CATHOLIC NEWS OF THE WEEK . Saturday, 24 August 2019

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Vatican and China Beijing meeting confirmed

HONG KONG (UCAN): A second round of China-Vatican talks has been held in Beijing, the Hong Kong-based Catholic news agency, UCAN, has been informed.

It reported that the meeting was held amidst a tightening of the screws on religious freedom in China, as the central government has been upping the ante on its Sinicisation of Religion in China policy, which observers say seeks to limit, if not entirely eliminate, all influence on religions from outside the country.

Reports have emerged from Sichuan province that government religious officials are demanding that priests submit a written explanation of their personal understanding of what the Sinicisation policy means and elaborate on how they see it relating to the Catholic Church.

Against this backdrop the Vatican delegates to the bilateral meeting arrived in Beijing on October 11.

Several sources reported that the meetings have already concluded and the Vatican delegation has left China.

No information was available on what was divulged, who was involved in the meeting or what was discussed.

It is believed that most probably the meeting was attended by representatives from the Chinese and Vatican diplomatic corps, together with the State Administration for Religious Affairs.

The Vatican secretary of state, Pietro Cardinal Parolin, did attend talks held in China prior to 2009, when he was the Vatican deputy foreign minister.

UCAN reported that its informant said, “I don’t know the exact personnel that were involved, but it is likely (they came) from the section two offices, which are responsible for Christian Churches’ affairs.”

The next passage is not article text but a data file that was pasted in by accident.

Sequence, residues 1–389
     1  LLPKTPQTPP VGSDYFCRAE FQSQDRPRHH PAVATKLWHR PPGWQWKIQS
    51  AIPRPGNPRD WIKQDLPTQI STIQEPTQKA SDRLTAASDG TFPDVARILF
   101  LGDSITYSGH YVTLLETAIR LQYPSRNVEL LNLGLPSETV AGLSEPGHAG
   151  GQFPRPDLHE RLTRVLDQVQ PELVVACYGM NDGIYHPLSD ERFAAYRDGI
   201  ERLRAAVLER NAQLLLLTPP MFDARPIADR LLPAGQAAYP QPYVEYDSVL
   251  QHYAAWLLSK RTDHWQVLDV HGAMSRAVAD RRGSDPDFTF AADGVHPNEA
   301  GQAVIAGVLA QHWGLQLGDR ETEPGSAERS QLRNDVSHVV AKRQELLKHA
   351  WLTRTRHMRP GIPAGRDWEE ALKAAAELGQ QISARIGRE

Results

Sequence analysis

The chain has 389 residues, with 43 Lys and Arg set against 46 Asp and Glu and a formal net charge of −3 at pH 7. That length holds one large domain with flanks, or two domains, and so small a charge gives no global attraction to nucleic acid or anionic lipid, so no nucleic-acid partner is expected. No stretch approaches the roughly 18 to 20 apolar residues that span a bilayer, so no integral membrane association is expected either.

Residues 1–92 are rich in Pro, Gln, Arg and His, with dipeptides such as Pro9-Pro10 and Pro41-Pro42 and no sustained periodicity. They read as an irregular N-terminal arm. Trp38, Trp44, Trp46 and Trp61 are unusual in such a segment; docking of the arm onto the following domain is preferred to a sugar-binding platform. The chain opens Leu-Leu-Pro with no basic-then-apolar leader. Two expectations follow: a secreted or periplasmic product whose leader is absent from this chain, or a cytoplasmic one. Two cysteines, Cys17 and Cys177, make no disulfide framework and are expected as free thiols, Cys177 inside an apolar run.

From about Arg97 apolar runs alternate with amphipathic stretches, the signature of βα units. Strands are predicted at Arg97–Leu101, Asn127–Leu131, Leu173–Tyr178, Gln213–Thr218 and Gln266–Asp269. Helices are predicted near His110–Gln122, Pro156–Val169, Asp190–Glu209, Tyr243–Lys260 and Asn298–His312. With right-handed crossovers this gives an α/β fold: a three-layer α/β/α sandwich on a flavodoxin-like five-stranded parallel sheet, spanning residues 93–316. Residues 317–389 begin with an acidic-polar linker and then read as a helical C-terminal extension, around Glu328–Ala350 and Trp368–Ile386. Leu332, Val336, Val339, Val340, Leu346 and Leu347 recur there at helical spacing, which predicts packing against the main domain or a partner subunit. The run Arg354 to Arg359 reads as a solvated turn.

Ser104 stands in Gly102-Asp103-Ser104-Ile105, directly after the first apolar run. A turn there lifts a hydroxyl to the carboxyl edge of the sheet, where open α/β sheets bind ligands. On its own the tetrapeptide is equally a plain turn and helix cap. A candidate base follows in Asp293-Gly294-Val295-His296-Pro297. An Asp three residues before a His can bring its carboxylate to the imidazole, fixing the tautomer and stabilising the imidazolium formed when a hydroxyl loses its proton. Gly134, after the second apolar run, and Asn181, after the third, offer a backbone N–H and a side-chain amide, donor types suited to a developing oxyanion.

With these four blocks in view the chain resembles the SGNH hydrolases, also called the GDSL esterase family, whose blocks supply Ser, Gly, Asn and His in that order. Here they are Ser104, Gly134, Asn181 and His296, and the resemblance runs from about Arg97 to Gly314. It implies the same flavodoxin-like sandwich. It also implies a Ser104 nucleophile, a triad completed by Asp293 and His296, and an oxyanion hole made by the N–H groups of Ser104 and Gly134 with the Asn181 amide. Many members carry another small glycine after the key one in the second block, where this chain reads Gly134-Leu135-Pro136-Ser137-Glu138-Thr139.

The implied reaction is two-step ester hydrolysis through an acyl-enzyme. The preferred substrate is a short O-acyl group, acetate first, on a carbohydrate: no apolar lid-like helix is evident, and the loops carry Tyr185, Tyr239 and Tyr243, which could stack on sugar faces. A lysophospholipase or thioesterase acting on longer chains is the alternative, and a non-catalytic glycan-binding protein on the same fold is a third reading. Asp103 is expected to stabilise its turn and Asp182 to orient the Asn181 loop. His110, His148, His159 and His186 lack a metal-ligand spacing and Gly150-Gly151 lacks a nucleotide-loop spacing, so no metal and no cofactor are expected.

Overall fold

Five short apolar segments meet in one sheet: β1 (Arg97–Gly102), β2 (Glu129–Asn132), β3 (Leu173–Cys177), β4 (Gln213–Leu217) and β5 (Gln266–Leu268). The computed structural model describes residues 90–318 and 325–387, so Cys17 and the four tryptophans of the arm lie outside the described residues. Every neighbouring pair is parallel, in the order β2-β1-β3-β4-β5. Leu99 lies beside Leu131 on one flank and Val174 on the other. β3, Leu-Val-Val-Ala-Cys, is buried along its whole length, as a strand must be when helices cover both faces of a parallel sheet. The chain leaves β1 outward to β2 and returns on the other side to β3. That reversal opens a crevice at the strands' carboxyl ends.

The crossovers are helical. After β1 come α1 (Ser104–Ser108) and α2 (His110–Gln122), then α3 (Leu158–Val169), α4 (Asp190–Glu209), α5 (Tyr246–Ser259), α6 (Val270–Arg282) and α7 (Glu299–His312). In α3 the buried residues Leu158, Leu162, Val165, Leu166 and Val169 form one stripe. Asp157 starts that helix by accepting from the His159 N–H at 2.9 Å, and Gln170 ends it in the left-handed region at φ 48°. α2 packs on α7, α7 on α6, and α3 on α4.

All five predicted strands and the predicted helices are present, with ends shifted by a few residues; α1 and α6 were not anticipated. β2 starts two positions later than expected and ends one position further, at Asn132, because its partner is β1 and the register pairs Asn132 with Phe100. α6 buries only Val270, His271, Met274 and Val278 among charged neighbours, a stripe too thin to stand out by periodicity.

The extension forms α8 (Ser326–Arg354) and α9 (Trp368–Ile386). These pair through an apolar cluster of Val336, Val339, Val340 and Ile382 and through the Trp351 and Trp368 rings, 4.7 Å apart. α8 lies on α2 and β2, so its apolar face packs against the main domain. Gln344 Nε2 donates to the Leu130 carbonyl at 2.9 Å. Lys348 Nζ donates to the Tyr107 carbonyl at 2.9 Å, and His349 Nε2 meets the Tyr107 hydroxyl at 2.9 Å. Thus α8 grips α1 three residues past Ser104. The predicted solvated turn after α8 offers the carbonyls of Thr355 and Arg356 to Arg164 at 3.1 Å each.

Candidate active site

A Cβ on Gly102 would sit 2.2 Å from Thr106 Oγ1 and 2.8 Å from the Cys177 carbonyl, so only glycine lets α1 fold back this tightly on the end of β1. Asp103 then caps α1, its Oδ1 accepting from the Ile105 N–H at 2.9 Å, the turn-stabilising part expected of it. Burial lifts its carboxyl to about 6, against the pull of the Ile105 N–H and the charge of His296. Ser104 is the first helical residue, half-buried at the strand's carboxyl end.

An important factor in the backdrop to the meeting is that it was convened shortly after an article was published in the Zhongguo Mingzu Bao, a state newspaper carrying religious and ethnic news, on October 8.

The article pointed out that all religious affairs in China should be handled locally by the Chinese themselves and that there is no need for any foreign involvement in the life, practice or development of religion on the mainland.

The article stressed that the state should manage the administrative boundaries of dioceses.

However, this, along with the appointment of bishops, is one of the hot potato issues in Vatican-Beijing relations.

In 2007, Pope Benedict XVI acknowledged in a letter to Chinese Catholics that the Vatican was prepared to address the ecclesiastical boundaries issue with government authorities.

In September this year, Pope Francis told reporters that talks on relations between the Vatican and China are moving forward.

 

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